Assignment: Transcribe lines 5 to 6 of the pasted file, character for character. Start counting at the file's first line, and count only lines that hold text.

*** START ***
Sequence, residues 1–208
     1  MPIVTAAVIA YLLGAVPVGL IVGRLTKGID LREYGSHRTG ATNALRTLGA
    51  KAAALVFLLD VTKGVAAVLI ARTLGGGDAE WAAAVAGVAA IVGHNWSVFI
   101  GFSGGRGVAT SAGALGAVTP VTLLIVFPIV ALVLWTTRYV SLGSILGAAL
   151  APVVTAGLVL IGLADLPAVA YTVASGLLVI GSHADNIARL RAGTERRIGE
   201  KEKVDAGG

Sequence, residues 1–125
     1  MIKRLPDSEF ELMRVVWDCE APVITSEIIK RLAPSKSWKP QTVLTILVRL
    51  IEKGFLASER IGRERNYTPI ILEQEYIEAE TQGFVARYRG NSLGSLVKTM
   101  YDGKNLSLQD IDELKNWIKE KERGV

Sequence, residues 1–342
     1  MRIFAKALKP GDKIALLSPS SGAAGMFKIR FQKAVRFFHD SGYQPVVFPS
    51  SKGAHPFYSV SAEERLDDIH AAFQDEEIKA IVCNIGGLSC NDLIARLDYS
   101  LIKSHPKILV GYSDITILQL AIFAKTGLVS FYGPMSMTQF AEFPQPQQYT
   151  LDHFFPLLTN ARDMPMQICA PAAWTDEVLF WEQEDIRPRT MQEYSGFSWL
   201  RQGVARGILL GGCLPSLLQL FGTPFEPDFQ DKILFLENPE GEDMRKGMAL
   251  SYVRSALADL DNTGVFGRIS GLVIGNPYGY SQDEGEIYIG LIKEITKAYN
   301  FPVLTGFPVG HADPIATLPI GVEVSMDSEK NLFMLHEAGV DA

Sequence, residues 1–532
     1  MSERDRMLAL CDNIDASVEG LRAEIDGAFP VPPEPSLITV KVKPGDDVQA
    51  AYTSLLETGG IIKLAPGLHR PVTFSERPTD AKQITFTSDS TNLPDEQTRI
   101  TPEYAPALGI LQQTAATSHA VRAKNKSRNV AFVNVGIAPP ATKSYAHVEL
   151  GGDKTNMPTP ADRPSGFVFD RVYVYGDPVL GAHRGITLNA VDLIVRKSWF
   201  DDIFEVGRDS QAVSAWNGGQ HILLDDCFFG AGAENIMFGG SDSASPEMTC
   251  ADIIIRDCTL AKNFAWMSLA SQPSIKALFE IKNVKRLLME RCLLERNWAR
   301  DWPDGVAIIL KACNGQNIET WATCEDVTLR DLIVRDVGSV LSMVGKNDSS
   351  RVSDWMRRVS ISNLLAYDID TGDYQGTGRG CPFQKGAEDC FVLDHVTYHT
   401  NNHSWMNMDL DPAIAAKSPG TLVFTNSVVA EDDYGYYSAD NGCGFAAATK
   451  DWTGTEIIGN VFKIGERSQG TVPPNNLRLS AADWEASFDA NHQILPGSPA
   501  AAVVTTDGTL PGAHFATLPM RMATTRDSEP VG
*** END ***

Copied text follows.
   151  APVVTAGLVL IGLADLPAVA YTVASGLLVI GSHADNIARL RAGTERRIGE
   201  KEKVDAGG